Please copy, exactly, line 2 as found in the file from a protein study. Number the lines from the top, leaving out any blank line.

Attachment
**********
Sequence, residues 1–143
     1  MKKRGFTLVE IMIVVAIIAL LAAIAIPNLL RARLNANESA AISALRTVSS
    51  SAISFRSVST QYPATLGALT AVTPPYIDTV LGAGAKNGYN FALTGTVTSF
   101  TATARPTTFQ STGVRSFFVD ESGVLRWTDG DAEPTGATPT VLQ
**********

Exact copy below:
     1  MKKRGFTLVE IMIVVAIIAL LAAIAIPNLL RARLNANESA AISALRTVSS